The Respondent did not reply to the Complainant's contentions.
Under paragraph 4(a) of the Policy, the Complainant carries the burden of proving that:
(i) The disputed domain name is identical or confusingly similar to a trademark or service mark in which Complainant has rights; and
(ii) The Respondent has no rights or legitimate interests in respect of the disputed domain name; and
(iii) The disputed domain name has been registered and is being used in bad faith.
The Respondent's default in the case at hand does not automatically result in a decision in favor of the Complainant, however, paragraph 5(f) of the Rules provides that if the Respondent does not submit a response, in the absence of exceptional circumstances, the Panel may decide the dispute solely based upon the Complaint.
Further, the Panel may draw such inferences as are appropriate from the Respondent's failure to submit a Response.
The Panel concludes that the disputed domain name <casumo.discount> is identical to the CASUMO trademark, in which the Complainant has rights.
It is well established that the test of identity or confusing similarity under the Policy is confined to a comparison of the disputed domain name and the trademark alone, independent of the products for which the domain name is used or other marketing and use factors usually considered in trademark infringement cases. (See Arthur Guinness Son & Co. (Dublin) Limited v. Dejan Macesic, WIPO Case No. D2000-1698; Ansell Healthcare Products Inc. v. Australian Therapeutics Supplies Pty, Ltd., WIPO Case No. D2001-0110; Dixons Group Plc v. Abu Abdullaah, WIPO Case No. D2001-0843; AT&T Corp. v. Amjad Kausar, WIPO Case No. D2003-0327; BWT Brands, Inc and British American Tobacco (Brands), Inc. v. NABR, WIPO Case No. D2001-1480; see also the WIPO Overview of WIPO Panel Views on Selected UDRP Questions, Third Edition ("WIPO Overview 3.0") section 1.7).
In this case, the disputed domain name incorporates the Complainant's trademark in its entirety. Numerous UDRP panels have recognized that incorporating a trademark in its entirety in a domain name can be sufficient to establish identity or at least confusing similarity to a registered trademark.
Moreover, as noted in many previous UDRP decisions, the generic Top-Level Domain ("gTLD") designation such as ".com", ".net" or ".org" is typically not to be taken into account when assessing the issue of identity and confusing similarity, except in certain cases where the applicable gTLD suffix may itself form part of the relevant trademark (see WIPO Overview 3.0, section 1.11).
Therefore, the Complainant has established the first element under the Policy set forth by paragraph 4(a)(i).
A respondent may establish its rights or legitimate interests in a domain name, among other circumstances, by showing any of the following elements:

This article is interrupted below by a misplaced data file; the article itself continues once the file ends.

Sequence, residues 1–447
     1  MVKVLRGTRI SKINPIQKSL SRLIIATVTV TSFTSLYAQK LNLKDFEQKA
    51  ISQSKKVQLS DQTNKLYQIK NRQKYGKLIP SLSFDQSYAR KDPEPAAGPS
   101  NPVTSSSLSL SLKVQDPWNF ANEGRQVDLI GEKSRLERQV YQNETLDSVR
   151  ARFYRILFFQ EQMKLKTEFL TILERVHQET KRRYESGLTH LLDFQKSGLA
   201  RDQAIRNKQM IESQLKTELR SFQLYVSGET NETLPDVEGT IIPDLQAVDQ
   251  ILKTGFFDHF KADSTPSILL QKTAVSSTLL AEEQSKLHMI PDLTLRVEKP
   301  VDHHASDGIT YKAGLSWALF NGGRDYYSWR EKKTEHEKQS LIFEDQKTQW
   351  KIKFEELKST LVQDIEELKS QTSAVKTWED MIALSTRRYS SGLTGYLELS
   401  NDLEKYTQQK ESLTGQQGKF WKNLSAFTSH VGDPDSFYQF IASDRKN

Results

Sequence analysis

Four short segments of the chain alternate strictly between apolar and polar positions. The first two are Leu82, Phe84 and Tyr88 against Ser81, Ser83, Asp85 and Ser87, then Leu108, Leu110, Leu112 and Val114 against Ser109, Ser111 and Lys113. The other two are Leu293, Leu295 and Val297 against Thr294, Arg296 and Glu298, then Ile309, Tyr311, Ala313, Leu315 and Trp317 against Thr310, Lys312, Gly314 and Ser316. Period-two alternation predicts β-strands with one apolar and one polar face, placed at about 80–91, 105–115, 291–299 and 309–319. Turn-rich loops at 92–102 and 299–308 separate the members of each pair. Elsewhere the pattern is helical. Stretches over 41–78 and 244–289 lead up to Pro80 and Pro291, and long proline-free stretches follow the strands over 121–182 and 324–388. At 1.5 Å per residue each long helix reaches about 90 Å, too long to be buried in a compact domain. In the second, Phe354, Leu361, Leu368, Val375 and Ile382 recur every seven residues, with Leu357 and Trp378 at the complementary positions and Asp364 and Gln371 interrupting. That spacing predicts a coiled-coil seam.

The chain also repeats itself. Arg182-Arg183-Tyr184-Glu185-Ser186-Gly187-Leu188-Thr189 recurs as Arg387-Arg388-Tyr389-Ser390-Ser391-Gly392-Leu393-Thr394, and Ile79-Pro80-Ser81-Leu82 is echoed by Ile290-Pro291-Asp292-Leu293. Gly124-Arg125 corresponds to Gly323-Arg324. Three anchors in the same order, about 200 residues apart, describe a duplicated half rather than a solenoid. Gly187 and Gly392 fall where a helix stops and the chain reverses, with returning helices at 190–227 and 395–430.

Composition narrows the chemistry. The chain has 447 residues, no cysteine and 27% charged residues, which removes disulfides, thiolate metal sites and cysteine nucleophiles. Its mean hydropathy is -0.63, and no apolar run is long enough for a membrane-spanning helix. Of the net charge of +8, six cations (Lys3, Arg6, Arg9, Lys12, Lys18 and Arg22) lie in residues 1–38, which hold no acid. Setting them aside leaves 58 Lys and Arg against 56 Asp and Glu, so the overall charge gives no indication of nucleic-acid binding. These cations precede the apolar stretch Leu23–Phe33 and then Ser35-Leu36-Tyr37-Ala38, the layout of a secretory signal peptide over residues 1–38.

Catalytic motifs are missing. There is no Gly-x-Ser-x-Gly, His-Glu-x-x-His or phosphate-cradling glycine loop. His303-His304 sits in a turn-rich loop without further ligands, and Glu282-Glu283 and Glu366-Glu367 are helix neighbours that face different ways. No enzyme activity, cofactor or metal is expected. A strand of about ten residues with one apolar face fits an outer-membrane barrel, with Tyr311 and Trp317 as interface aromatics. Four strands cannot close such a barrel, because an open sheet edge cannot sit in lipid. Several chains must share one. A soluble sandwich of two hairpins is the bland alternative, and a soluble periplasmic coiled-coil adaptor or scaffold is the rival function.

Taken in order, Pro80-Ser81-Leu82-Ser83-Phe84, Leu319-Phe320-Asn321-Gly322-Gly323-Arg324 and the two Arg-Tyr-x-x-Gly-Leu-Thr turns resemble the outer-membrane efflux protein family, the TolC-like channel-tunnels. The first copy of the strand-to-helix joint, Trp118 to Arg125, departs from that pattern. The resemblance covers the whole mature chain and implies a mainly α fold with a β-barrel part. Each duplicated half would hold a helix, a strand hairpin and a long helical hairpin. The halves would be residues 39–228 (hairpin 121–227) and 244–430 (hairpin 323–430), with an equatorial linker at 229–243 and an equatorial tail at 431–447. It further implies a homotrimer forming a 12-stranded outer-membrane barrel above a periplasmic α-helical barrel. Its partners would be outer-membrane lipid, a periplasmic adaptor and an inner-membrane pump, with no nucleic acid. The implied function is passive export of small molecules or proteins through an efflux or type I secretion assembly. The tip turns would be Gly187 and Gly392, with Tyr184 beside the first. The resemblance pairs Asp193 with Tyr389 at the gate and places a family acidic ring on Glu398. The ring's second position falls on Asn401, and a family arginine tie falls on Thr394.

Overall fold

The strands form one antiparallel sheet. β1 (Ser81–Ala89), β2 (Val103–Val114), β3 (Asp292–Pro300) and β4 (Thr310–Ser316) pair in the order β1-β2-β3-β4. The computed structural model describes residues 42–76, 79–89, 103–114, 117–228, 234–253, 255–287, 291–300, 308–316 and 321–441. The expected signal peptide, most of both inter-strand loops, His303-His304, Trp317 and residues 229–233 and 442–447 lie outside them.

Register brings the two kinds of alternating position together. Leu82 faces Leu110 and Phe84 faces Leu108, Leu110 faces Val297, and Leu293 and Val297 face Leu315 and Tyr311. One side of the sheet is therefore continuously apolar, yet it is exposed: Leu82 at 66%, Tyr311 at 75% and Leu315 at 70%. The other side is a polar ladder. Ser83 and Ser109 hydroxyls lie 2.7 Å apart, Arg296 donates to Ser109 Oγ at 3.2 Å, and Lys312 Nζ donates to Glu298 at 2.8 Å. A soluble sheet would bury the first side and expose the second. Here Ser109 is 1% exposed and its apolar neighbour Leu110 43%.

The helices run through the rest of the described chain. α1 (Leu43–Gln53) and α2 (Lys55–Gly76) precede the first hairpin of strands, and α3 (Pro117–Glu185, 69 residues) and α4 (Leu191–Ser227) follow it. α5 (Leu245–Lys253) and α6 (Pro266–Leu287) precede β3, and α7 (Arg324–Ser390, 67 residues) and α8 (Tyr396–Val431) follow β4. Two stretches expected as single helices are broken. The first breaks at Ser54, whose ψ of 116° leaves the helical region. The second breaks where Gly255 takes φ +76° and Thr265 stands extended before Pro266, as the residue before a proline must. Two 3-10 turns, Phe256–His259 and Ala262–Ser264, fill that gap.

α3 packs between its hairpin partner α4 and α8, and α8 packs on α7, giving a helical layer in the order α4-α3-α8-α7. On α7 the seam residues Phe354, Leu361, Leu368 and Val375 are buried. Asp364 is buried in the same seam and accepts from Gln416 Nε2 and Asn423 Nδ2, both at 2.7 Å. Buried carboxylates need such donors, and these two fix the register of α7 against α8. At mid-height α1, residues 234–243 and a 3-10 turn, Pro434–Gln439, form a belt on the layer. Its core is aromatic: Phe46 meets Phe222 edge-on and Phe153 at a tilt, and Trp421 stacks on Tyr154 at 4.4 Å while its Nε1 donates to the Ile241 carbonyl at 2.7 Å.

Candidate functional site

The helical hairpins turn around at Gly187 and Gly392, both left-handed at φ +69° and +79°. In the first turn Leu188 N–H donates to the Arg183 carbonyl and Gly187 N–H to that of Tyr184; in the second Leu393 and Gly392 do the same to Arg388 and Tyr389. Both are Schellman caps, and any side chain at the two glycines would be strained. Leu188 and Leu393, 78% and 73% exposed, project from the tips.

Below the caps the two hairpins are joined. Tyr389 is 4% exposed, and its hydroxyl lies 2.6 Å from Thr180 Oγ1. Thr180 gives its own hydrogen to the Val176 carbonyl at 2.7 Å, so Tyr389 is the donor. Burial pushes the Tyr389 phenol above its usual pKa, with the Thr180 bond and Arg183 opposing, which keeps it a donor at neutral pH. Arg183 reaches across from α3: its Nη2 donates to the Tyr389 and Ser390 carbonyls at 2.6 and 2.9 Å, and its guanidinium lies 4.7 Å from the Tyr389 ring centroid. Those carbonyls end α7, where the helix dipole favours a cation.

"(i) before any notice to you [Respondent] of the dispute, your use of, or demonstrable preparations to use, the domain name or a name corresponding to the domain name in connection with a bona fide offering of goods or services; or
"(ii) you [Respondent] (as an individual, business, or other organization) have been commonly known by the domain name, even if you have acquired no trademark or service mark rights; or
"(iii) you [Respondent] are making a legitimate noncommercial or fair use of the domain name, without intent for commercial gain to misleadingly divert consumers or to tarnish the trademark or service mark at issue."
The Complainant has asserted that it never licensed or permitted the Respondent to use its CASUMO trademark, that the Respondent has no trademark rights that correspond to the disputed domain name and that the Respondent has not been commonly known by that name nor has the Respondent made any attempt to establish an Internet presence using the disputed domain name. These assertions are sufficient to establish a prima facie case that the Respondent lacks rights or legitimate interests in the disputed domain name.
Where a complainant makes out a prima facie case that the respondent lacks rights or legitimate interests, the burden of production on this element shifts to the respondent to come forward with relevant evidence demonstrating rights or legitimate interests in the disputed domain name. If the respondent fails to come forward with such relevant evidence, the complainant is deemed to have satisfied the second element. WIPO Overview 3.0, section 2.1.
Given that the Respondent has failed to come forward with any evidence to refute the Complainant's prima facie showing that the Respondent lacks rights or legitimate interests, the Panel concludes that the Complainant has satisfied the second element of the Policy set forth by paragraph 4(a)(ii).
Paragraph 4(b) of the Policy provides four, non-exclusive, circumstances that, if found by the Panel to be present, shall be evidence of the registration and use of a domain name in bad faith: